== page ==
I am oddly prudish about discussing anything female-related and discussing sex. I am way too old to feel this way. Even discussing these things with my Chosen Tribe, I find myself whispering and looking over my shoulder to make sure no-one else can hear – to their great delight, I can assure you.
Having said all that, after hearing the oral arguments yesterday before the Supreme Court in the Hobby Lobby (“HL”) case, I feel compelled to discuss a few things about my own medical history. I’m flabbergasted at how often it is
overlooked ignored that thousands of women use contraception for medical reasons unrelated to controlling birth.
As anyone who reads this blog knows, I’m a lesbian. I’m also a lesbian in a long-term, committed relationship. Obviously one of the benefits of such a life is that neither of us should need to use birth control. However, I have an IUD, one of the most expensive forms of contraception available. And I have it for medical reasons.
When I was 33, I went to my doctor due to specific and extremely problematic issues I’d been experiencing. An ultrasound and other examinations revealed I had developed polyps in my uterus along with a very rough (I forget the medical term) uterine lining. The polyps were removed and the lining was scraped. Luckily for me, after the torturous three day wait on the testing, the polyps were benign. However, my doctor and another agreed that over time, the same things were likely to develop again. I was presented with four options:
(1) Hysterectomy – I was 33, M was a little girl, I was nowhere near ready to say I absolutely for certain didn’t want more children. Plus, that’s an extremely expensive and invasive procedure with other long-term effects. It was also unnecessary because I had the next three options.
(2) Birth Control Pills – I tried, I did, but I didn’t do well on those at all. Some made me nauseous and others gave me migraines, which then made me literally vomit. I learned that some women just don’t do well on birth control pills. I was one of them.
(3) Progesterone – you know what makes a woman so exhausted during her first trimester of pregnancy? The progesterone hormone suddenly coursing through her. I was a full time lawyer raising a young daughter. I already fought fatigue. Living that way perpetually was not a realistic option. By afternoon, my words were practically slurring I was so exhausted.
(4) IUD – Intra-Uterine Device. It keeps the lining of the uterus extremely thin and has very little side effects (actually none that I’ve been able to tell). The problem? Without insurance, it costs approximately $1000. Luckily, my insurance covered it or I simply would not have been able to obtain this. It is a medical necessity for me – unless I want to have a hysterectomy.
I had many thoughts while reading the transcript of yesterday’s Supreme Court arguments (yes, I do that. I’m a con law nerd to the highest degree). I’ll list four here. First, just thank God for female Justices. They were amazing. Second, how is it we could be listening to a Supreme Court Justice note that HL is only objecting to three or four birth controls (again, IUDs are two of them) and then ask “that’s not terribly expensive stuff, is it?” Wow. Love how informed Justice Scalia is on the facts, not that he generally allows facts to get in his way, of course. Luckily for my blood pressure, General Verrilli responded that IUDs were the most effective but also most cost-prohibitive forms of contraception. $1000 is not something I could have even come close to shelling out last year when it was time to have my IUD replaced (which hurts like absolute hell, by the way. The joys of being a woman.). Third, a bit of an aside, I appreciated Justice Sotomayor’s reference, albeit briefly, to HL’s hypocrisy in that prior to the ACA, HL’s employee insurance plans actually covered two of the very contraceptives they’re complaining about now. After the ACA requirements went into effect, it specifically changed its insurance plan to exclude those. This resulted in its no longer coming under the ACA’s grandfather clause, which would have allowed it to avoid the requirement of covering the other two contraceptive methods about which they now complain. Then they brought their lawsuit.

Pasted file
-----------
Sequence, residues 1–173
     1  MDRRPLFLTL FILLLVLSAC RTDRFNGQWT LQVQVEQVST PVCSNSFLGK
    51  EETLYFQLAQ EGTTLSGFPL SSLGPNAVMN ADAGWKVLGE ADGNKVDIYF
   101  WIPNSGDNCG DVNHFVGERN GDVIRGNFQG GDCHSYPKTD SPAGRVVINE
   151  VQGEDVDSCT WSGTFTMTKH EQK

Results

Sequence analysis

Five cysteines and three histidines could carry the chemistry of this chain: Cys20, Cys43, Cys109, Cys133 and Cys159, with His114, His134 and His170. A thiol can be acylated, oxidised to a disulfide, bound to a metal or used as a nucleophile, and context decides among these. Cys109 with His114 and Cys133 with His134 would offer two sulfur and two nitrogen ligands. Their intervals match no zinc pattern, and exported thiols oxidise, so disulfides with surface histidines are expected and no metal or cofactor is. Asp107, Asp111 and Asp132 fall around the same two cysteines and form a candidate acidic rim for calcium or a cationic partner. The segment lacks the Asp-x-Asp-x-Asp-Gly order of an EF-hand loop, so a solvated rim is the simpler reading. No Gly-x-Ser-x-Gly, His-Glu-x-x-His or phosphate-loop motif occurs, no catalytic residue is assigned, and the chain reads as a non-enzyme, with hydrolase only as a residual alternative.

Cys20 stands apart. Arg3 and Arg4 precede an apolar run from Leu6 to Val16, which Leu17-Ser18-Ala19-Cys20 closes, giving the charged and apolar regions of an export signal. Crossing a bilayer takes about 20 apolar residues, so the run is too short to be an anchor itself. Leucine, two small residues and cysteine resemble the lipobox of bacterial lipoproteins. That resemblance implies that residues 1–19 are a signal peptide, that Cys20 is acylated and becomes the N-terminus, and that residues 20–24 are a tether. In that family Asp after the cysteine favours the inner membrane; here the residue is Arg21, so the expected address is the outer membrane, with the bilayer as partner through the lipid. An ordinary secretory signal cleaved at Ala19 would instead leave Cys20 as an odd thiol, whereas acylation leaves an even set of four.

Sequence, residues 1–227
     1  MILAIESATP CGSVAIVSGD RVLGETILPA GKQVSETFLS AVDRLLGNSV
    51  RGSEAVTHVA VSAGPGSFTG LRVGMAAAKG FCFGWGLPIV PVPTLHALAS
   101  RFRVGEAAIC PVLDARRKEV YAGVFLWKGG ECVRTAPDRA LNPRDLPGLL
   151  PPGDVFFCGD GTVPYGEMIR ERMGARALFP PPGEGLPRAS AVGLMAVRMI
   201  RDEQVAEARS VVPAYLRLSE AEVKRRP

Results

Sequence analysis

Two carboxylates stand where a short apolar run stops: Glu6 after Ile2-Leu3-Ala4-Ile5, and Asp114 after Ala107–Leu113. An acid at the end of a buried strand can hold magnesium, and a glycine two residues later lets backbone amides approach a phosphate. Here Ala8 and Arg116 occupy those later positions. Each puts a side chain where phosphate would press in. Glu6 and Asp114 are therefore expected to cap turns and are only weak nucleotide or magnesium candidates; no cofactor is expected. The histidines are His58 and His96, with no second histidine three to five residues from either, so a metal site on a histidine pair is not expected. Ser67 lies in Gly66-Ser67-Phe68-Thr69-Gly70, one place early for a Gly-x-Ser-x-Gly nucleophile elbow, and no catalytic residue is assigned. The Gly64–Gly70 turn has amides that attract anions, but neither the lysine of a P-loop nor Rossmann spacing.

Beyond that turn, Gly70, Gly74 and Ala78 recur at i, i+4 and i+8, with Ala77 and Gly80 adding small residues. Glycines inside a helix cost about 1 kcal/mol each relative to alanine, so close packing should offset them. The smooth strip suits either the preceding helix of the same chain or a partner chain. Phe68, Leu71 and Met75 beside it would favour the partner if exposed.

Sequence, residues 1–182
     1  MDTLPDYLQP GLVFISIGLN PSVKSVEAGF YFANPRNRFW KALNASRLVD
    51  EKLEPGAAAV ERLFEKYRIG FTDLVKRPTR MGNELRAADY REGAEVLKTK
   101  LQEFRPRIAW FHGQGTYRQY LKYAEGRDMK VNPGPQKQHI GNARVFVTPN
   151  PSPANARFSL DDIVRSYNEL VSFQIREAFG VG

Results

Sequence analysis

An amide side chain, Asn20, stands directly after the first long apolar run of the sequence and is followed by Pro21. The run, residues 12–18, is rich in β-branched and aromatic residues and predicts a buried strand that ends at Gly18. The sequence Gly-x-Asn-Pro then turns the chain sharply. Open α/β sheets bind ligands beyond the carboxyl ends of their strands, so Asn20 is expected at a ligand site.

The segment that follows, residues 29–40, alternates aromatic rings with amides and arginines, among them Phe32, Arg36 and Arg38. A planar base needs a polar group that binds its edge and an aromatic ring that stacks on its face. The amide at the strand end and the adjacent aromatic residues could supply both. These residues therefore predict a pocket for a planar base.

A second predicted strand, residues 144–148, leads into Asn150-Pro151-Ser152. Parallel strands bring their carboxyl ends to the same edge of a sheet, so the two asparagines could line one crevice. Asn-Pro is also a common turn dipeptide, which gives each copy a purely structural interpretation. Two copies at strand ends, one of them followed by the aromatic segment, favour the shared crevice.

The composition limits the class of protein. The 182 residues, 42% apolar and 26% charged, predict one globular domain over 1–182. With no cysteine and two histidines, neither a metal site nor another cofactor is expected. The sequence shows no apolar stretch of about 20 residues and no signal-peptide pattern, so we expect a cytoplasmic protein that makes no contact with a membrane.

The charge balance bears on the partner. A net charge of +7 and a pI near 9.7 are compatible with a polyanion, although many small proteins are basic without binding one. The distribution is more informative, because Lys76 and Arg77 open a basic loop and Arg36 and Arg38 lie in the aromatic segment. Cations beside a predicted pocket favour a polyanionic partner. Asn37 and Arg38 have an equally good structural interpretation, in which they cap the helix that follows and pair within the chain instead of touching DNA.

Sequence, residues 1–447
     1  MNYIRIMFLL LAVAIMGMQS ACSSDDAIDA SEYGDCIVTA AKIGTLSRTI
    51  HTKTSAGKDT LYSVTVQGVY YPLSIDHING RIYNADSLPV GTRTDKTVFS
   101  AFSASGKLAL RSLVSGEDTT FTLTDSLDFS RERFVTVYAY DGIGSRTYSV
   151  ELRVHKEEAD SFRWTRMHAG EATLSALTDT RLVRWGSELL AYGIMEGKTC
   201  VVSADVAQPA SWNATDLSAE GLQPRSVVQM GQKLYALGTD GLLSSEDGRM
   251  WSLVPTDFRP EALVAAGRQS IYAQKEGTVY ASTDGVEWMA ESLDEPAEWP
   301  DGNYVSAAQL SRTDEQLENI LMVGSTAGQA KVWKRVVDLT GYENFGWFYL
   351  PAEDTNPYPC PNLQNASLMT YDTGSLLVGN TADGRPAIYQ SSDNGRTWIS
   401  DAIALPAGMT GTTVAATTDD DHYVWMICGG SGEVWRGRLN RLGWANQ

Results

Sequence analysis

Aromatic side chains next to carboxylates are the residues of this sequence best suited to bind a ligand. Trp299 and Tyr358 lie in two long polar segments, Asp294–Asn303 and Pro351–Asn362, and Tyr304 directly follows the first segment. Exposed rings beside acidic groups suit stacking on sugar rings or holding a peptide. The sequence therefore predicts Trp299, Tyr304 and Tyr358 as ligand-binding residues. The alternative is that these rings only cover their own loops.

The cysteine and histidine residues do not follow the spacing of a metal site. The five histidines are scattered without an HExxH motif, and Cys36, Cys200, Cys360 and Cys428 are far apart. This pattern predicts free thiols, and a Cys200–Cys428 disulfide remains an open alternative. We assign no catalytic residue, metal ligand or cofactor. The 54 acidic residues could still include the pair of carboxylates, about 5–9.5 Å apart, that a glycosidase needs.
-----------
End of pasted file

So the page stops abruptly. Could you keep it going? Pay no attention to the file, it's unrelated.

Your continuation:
Fourth, and most importantly, I am exceedingly concerned that there was not one single mention during oral arguments that birth control is often used for MEDICAL PURPOSES – the precise reason people have health insurance in the first place. I had a specific medical problem and in order to avoid an unnecessary surgery, I use an IUD – a decision I reached with my doctors after considering various medical options. It is astounding to me that, depending on the summer’s ruling in this case, a corporate owner’s religious beliefs could trump that decision and force a woman in my situation to have a hysterectomy when an IUD is available and would prevent it. Frankly, I have a religious objection to that.
Surely we can do better than this absolute nonsense.
There are a dozen more legal issues wrapped up in this case, too many to address here. But I do want to mention that the possibility a corporate owner/shareholder/managing member could assert their religion in order to avoid compliance with federal laws will spell hell for the LGBT community.
As always, predicting a ruling based on oral arguments before the Supremes is a fool’s errand. So, it’s yet another June wait.